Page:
By Hazel B. West
I have always been a huge fan of the idea of sword songs and the personification of swords, especially when almost written like a love story between the sword and the warrior that wields them. That was my inspiration for this story. Also I had to include a little nod to Sherlock S4 by naming the sword Euros because it is a beautiful name and instantly made me think of something you would name either a ship, a sword or a classy supercar. But of course, in this case, it is the sword, the narrator of this story. I also gave it the flair of a Norse saga as seemed appropriate for a story about a sword and her warrior.
For I sing a tale of a great warrior and the trusty blade he bore. A paring true and bright who chased foes until their dying day with a Warrior’s cry as he charged into battle with the East Wind at his back.
Foes make haste! The song is sweet on the blade of the East Wind and blood shall be spilled e’er you away!
My forging happened on a night when the moon was full, spilling silver light over the hills outside the forge. One final ring of the hammer, a plume of steam, and I was brought to life, a wet, gleaming thing, gathering the moon’s kiss on my blade.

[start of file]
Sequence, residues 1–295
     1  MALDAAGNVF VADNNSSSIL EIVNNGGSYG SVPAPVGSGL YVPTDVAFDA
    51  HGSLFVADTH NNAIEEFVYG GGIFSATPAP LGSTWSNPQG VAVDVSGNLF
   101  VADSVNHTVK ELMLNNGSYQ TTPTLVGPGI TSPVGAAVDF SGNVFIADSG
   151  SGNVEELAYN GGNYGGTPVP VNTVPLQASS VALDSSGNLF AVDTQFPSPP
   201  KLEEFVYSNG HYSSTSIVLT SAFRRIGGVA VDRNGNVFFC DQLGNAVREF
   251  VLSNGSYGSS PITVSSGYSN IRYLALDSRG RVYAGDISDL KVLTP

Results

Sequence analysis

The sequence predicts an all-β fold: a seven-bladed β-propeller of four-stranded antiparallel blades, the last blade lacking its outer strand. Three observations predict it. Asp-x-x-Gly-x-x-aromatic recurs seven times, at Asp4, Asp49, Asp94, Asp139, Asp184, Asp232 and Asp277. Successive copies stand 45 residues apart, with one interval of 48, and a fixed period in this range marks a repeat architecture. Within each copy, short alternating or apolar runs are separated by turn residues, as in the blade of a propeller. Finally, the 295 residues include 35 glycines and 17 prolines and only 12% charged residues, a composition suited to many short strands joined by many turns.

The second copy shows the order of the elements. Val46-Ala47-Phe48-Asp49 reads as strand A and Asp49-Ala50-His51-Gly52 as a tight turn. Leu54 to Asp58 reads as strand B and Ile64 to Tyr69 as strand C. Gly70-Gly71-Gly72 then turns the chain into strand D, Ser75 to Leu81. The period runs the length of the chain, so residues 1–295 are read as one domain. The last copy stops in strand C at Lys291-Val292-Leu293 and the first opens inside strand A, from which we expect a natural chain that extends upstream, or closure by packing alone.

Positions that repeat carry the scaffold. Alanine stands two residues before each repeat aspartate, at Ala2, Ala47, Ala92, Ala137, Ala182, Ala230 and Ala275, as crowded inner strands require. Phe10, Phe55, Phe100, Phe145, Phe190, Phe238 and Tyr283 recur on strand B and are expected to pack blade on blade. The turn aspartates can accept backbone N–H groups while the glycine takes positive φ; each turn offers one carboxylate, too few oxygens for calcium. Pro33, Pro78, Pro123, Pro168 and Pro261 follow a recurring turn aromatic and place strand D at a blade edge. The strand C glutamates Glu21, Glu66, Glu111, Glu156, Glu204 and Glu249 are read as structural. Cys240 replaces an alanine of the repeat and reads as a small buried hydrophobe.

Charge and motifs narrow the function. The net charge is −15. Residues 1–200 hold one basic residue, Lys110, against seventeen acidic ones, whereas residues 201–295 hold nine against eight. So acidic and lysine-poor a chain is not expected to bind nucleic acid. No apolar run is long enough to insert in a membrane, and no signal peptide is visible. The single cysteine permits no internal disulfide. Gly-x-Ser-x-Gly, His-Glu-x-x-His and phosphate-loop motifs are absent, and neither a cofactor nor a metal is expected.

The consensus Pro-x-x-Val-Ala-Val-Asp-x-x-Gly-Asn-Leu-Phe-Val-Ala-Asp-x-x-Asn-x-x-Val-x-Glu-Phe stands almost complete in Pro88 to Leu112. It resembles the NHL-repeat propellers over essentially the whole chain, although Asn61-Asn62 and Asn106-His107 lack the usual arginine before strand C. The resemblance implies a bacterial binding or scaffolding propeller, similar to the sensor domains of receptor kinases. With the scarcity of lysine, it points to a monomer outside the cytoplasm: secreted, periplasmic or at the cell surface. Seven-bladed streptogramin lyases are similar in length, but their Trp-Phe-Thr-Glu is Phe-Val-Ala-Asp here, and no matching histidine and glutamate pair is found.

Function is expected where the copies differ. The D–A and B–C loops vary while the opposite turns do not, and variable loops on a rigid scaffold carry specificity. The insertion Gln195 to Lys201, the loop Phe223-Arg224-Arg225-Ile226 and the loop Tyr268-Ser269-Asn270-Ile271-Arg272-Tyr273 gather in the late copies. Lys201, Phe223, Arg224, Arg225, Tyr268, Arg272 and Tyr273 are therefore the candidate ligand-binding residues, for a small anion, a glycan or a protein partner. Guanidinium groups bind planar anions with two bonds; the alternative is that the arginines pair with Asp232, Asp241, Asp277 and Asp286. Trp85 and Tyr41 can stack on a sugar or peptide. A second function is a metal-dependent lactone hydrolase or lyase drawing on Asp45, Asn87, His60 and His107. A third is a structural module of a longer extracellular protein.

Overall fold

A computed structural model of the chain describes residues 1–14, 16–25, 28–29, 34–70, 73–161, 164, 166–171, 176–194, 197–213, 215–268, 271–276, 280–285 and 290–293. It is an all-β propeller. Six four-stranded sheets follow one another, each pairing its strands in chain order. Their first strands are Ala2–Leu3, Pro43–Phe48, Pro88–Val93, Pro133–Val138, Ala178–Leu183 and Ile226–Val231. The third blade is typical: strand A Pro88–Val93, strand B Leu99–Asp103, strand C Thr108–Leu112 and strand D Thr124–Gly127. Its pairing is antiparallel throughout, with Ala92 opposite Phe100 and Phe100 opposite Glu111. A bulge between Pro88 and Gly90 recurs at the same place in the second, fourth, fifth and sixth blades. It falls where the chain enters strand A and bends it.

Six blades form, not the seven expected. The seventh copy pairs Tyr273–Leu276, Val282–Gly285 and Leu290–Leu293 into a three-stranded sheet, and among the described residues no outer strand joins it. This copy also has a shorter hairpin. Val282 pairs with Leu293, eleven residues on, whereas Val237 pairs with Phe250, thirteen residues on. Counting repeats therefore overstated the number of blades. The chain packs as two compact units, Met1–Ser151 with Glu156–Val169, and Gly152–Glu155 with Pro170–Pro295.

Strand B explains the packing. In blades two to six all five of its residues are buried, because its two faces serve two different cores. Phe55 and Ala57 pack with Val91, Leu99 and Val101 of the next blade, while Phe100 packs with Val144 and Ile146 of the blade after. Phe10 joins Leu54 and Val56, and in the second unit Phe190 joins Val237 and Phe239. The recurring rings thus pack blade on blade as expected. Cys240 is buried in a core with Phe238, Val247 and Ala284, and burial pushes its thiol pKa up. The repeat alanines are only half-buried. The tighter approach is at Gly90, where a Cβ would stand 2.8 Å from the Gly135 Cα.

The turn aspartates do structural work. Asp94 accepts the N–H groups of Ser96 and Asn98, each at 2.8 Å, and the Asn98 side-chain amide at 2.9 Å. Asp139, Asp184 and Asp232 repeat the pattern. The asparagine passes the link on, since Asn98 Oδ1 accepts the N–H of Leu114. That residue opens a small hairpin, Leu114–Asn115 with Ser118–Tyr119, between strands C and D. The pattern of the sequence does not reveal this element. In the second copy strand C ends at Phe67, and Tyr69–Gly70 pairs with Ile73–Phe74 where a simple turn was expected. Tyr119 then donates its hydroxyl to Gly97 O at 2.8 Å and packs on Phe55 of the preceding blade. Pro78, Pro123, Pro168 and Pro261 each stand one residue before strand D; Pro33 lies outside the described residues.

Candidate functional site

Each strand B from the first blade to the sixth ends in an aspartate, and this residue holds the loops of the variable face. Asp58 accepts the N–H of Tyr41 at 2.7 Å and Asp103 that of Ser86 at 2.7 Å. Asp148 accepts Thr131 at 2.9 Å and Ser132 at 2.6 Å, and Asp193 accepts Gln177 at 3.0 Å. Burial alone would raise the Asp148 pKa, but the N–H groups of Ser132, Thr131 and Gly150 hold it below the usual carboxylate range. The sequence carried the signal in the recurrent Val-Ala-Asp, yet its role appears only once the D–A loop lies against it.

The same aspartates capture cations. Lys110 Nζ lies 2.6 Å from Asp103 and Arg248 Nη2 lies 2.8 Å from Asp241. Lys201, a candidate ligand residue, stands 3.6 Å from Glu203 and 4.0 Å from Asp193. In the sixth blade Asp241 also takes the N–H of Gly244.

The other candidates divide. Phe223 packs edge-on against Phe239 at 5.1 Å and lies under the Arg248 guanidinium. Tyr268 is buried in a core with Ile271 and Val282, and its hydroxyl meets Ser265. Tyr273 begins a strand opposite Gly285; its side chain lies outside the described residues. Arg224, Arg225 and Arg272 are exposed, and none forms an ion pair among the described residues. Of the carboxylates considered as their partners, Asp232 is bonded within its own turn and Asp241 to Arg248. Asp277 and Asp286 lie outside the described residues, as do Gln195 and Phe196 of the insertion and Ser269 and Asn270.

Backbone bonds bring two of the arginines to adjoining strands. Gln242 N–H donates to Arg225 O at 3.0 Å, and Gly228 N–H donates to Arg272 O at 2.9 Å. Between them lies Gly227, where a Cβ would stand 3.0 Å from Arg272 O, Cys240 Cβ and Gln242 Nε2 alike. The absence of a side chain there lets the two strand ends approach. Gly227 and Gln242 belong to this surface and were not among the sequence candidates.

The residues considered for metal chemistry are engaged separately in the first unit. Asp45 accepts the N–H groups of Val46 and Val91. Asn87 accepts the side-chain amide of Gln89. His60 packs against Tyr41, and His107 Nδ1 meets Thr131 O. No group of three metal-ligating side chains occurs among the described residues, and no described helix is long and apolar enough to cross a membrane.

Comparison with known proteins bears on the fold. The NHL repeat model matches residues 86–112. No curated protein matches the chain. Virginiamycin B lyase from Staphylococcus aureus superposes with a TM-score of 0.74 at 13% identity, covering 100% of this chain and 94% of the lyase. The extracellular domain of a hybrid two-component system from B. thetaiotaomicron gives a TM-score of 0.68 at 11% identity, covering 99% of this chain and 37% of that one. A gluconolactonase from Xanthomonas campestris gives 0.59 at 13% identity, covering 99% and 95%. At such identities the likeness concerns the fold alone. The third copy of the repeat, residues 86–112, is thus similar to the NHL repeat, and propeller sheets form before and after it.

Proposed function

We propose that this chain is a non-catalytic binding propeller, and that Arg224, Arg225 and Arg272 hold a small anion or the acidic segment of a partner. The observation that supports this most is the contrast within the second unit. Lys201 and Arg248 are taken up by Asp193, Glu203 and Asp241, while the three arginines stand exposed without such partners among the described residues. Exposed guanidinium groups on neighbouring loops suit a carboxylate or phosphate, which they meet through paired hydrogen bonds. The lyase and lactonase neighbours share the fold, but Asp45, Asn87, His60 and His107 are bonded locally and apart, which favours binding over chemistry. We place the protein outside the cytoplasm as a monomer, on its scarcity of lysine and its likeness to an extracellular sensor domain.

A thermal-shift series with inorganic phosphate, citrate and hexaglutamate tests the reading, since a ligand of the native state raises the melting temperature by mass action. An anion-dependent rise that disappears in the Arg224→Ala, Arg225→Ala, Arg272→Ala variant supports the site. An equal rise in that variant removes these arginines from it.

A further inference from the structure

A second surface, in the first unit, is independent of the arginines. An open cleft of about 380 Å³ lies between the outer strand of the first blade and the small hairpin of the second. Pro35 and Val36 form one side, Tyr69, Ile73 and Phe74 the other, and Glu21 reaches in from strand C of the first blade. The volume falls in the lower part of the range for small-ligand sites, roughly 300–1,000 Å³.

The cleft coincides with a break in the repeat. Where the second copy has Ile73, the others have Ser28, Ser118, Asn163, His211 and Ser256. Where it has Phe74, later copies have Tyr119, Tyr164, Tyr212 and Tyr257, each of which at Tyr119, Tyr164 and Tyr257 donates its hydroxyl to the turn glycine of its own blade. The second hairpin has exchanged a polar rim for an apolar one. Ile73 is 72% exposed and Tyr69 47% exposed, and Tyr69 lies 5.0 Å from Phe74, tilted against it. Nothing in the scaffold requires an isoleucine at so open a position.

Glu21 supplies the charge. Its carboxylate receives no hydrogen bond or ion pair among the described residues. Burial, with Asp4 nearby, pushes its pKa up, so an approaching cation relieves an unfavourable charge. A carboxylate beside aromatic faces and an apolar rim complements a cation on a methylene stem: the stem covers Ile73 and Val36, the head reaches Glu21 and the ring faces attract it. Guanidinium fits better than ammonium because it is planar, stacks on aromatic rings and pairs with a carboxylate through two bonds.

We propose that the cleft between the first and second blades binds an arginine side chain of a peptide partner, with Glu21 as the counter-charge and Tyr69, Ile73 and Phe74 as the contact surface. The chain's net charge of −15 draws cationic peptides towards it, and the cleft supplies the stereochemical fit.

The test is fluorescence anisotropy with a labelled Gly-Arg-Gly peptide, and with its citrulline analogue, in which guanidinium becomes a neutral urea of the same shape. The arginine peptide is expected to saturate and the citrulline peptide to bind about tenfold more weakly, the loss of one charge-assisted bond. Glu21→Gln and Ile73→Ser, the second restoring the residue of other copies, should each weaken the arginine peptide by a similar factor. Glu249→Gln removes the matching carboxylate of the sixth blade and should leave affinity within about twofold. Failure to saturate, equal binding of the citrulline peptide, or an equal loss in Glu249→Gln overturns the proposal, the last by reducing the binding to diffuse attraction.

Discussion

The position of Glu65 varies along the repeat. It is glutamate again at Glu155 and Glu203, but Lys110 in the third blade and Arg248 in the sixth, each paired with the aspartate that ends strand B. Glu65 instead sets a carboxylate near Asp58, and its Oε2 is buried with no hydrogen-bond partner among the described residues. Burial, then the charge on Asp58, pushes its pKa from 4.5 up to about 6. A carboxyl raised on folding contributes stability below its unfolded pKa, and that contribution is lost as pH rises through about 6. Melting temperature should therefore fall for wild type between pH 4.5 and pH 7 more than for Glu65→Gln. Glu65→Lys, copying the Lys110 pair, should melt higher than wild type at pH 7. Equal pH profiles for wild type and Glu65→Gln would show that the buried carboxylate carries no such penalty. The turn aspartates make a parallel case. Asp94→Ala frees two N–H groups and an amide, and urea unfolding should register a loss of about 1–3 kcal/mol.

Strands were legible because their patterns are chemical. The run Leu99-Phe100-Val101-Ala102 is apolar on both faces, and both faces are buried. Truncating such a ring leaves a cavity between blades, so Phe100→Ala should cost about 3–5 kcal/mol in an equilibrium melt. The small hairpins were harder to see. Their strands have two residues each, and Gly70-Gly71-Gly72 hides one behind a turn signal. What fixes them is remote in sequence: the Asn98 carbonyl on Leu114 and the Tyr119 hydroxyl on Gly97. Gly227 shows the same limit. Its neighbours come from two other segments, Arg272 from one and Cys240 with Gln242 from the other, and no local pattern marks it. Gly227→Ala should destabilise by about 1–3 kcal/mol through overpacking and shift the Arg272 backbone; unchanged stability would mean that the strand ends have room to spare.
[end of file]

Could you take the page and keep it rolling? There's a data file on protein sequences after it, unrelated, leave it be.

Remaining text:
The blacksmith whispered his approval, and went to bind my hilt in leather cord, fitting a sheath to my length, which I never did like overmuch. I was not made to be sheathed but to sing in the air over a field of battle.
It was the next day, when the sun rose in the winter morn, that I was taken from the forge to a new place, and handed to a man who paid money to the smith for his service after inspecting me. I gleamed brightly, proud of the praise he spoke, and eagerly awaited my use in his hands.
But it happened I was not destined for this man, but another. A young boy, or, for the first time that day, a man. His sixteenth year had dawned with the sun, and a man needed a blade.
As a newly made thing, I should never have understood the aspect of love and devotion, but I felt it surely as I was taken in his hands that first time. He drew me from my sheath, the glim from my blade shining in his eyes as he ran his hand lovingly over my flank, testing the sharpness of my blade.
“She is beautiful,” breathed the newly made man to his father.
“This sword is the mark of a warrior,” his father said. “Treat her well, and she will protect you in battle.”
And I vowed to do as much as my Warrior gazed at me. He took me up, hand fitted perfectly to my hilt, and swung me in a glowing arc over his head. Then he held me in both hands.
“You have the grace and power of the east wind,” he whispered lovingly. “You shall be called Euros.”
I gleamed in joy at my naming. There was nothing that made me happier in the whole world than being in the hands of my Warrior.